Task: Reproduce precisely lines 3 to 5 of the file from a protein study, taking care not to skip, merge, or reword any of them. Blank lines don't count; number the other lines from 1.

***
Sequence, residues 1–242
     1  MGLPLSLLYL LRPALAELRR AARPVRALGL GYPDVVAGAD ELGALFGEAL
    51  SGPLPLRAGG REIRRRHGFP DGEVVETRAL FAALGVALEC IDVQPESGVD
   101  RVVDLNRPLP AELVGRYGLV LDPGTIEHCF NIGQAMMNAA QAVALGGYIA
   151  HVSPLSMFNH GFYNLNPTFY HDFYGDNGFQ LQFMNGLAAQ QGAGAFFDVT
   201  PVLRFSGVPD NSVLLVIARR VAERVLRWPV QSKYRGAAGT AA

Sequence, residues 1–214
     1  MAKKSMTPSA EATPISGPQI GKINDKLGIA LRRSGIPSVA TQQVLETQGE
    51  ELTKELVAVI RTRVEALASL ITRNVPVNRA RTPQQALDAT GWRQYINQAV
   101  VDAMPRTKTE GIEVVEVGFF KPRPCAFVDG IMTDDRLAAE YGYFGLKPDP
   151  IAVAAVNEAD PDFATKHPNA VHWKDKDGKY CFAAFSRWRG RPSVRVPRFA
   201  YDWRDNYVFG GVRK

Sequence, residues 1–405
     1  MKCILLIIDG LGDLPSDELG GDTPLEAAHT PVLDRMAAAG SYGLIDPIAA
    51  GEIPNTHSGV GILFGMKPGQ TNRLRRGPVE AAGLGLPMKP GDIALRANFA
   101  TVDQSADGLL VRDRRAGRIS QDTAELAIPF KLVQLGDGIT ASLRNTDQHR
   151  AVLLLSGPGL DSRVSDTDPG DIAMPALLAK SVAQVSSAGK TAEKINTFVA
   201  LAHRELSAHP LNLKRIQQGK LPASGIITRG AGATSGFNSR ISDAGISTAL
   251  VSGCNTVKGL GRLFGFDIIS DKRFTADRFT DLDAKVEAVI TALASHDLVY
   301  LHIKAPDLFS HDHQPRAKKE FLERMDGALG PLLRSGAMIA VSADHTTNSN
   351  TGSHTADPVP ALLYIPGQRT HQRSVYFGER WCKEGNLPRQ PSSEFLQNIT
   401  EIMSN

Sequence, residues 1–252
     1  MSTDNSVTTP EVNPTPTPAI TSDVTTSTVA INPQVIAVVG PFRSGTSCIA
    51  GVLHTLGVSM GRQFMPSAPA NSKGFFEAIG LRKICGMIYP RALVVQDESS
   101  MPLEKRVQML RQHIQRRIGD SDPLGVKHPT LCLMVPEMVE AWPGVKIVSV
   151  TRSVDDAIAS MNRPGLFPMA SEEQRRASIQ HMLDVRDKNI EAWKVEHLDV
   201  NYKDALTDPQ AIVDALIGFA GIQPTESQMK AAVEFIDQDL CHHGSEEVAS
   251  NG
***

    51  SGPLPLRAGG REIRRRHGFP DGEVVETRAL FAALGVALEC IDVQPESGVD
   101  RVVDLNRPLP AELVGRYGLV LDPGTIEHCF NIGQAMMNAA QAVALGGYIA
   151  HVSPLSMFNH GFYNLNPTFY HDFYGDNGFQ LQFMNGLAAQ QGAGAFFDVT